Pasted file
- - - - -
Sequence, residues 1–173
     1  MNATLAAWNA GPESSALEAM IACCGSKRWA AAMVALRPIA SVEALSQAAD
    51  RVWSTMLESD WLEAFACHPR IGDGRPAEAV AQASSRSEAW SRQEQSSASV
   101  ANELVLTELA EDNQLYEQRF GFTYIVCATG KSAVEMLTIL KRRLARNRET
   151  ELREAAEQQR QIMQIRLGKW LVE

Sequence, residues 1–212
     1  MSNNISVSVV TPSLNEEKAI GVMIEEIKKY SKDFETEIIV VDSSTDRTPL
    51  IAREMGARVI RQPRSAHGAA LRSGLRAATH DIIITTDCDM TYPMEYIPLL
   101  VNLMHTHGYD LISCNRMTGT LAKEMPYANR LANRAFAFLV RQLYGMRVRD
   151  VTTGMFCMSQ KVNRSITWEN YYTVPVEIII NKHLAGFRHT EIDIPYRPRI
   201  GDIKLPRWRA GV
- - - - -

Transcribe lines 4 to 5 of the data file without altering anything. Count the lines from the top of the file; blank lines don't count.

   101  ANELVLTELA EDNQLYEQRF GFTYIVCATG KSAVEMLTIL KRRLARNRET
   151  ELREAAEQQR QIMQIRLGKW LVE